Local Non-Profits & Companies Bridge the Gender Gap in Technology
It’s no mystery that women are underrepresented in the fields of technology. Columbus Underground has reported on just that. But, companies are waking up to the issue of diversity, realizing that women and other minority groups offer perspectives that, until recently, have been largely missing from the corporate world.
Some are involved locally in initiatives on another front, looking to ensure that the next generation doesn’t have to play as much catchup. These programs, including Girls Who Code, CoolTechGirls and Techie Camp: Girl Power look a lot like Columbus’ tech community itself, bringing together businesses, non-profits, and neighborhood organizations to foster an appreciation and understanding of technology in girls at a young age.
“I think it puts me in a unique position where I’m able to talk about this with a lot of different companies and businesses and local organizations, who now have become very much aware of our program and have very big support for it,” said Purba Majumder, founder of CoolTechGirls and President of Cybervation, which streamlines companies’ operations and offers technical solutions and staffing.
Majumder started CoolTechGirls in 2013 with the help of the City of Dublin. Offering everything except direct monetary support, Dublin helped the program get off the ground, supplying interns, promotion for her events, and a space to host them at the Dublin Entrepreneurial Center (DEC).
These events happen monthly or bi-monthly, and they’re pulled off with the help of CoolTechGirls’ hosting partners, which vary event to event. These hosting partners, such as Cardinal Health, Girl Scouts, Otterbein, Women for Economic and Leadership Development (WELD) and others, offer what the City of Dublin provided at the program’s start: space, resources, and often snacks for the girls who participate.
Classes have a maximum capacity of 25 girls and are available to kids in fourth through eighth grade and in high school. They cover a range of topics in the tech realm. In February was their Concept of Algorithms event; and before that was an event urging girls to “think like a hacker.” They’ve covered cloud computing and data, techno fashion, electrical and computer engineering and more.
The goal, Majumder said, is to show girls the options they have in technology beyond coding and programming.
“There’s not enough that goes on inside the schools for them to know what is out there in the world of science and technology,” she said. “If they are afraid that they don’t want to do coding, they can still come and learn some of the topics and techniques, because you still have business analysts and project managers, and all these other types of jobs that are available that are still within the world of technology. We, I think, need to emphasize on that.”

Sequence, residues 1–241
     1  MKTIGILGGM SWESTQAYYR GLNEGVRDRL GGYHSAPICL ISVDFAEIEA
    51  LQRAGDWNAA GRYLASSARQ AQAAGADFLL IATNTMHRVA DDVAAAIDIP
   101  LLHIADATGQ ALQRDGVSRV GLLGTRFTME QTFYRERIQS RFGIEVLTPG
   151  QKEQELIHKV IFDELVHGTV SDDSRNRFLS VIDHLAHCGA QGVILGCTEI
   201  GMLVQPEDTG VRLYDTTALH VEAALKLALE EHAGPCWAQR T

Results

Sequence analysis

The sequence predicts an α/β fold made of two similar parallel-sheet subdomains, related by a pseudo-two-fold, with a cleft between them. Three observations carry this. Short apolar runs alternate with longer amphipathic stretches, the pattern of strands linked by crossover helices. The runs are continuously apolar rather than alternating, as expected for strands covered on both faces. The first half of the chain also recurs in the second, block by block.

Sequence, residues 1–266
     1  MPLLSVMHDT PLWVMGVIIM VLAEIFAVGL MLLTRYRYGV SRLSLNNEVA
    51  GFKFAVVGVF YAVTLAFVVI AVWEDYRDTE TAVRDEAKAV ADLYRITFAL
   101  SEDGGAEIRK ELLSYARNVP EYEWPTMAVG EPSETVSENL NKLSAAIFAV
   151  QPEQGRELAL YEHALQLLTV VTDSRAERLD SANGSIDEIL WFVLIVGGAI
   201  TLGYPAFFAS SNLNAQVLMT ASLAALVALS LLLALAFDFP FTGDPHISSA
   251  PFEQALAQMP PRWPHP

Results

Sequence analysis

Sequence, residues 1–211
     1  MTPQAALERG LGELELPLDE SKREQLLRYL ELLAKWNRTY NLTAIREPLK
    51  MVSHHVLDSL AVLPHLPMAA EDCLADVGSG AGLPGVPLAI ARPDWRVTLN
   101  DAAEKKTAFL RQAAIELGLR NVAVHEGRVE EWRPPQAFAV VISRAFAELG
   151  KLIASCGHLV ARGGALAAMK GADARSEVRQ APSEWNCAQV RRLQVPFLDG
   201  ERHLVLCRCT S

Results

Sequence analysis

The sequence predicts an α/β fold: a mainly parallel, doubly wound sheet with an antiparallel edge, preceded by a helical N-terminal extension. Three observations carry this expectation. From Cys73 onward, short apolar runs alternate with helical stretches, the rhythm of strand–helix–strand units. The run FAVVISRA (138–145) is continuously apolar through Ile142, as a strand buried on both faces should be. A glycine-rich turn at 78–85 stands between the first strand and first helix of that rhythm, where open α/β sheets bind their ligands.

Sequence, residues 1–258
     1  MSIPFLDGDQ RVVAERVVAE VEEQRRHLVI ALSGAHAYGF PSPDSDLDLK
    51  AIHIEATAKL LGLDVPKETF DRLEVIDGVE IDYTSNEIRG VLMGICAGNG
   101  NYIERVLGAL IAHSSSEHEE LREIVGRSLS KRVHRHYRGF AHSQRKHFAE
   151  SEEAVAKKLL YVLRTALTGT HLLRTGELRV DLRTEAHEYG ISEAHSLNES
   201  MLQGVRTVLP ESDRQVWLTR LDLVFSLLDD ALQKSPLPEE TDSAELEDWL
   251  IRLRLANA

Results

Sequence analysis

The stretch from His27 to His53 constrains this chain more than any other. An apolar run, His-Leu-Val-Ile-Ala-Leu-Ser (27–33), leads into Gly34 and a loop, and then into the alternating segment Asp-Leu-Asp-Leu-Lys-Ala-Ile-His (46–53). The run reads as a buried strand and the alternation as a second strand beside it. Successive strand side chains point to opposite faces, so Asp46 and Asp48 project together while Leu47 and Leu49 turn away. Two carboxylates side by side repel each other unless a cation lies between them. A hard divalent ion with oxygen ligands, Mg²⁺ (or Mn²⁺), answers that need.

CoolTechGirls is holding their weeklong summer camp again this year in July, when the Girl Scouts will host their “interspace exploration” event. The camp is the only event that has a cost ($260), but Majumder said they offer the program for free for students who apply for their scholarship.
It’s just one kind of program that girls can find to engage with technology. CoolTechGirls hosts regular day events, while Techie Camp: Girl Power, operated by Tech Corps and supported by the Women’s Fund of Central Ohio, hosts all-day weeklong dives into tech topics.
Techie Camp: Girl Power is an all-girl version of their co-ed program Techie Camp. The topics change with each weeklong camp, but they offer information on programming, robotics, web development, app development, engineering and more.
Each day of the camp goes deeper into the subject. For robotics, they start with smaller builds and work up. By the end of the week they complete a larger build and present their project to the volunteers and their parents. They explain why they created that robot, what the idea was behind it, and the challenges they faced in building it.
On top of technical skills, these programs allow them to learn teamwork, confidence and internal motivation, said Carla Easley. And, having female experts to help them along empowers them in itself.
“They get to see role models that look like them,” Easley said.
She added, “They get to know throughout the entire week, you know, ‘Girls can do this. This is not just for boys. I can excel here, I’m wanted here, I’m valued here, and I can do it.’”
TCETRA is a software development company based in Dublin, Ohio. Since 2007, the company has been focused on serving the prepaid wireless industry through the development of specific business tools, software, and applications. Our team is made up of talented technical and creative professionals dedicated to delivering innovative solutions to complex problems and helping grow the technology community in Columbus and the Midwest.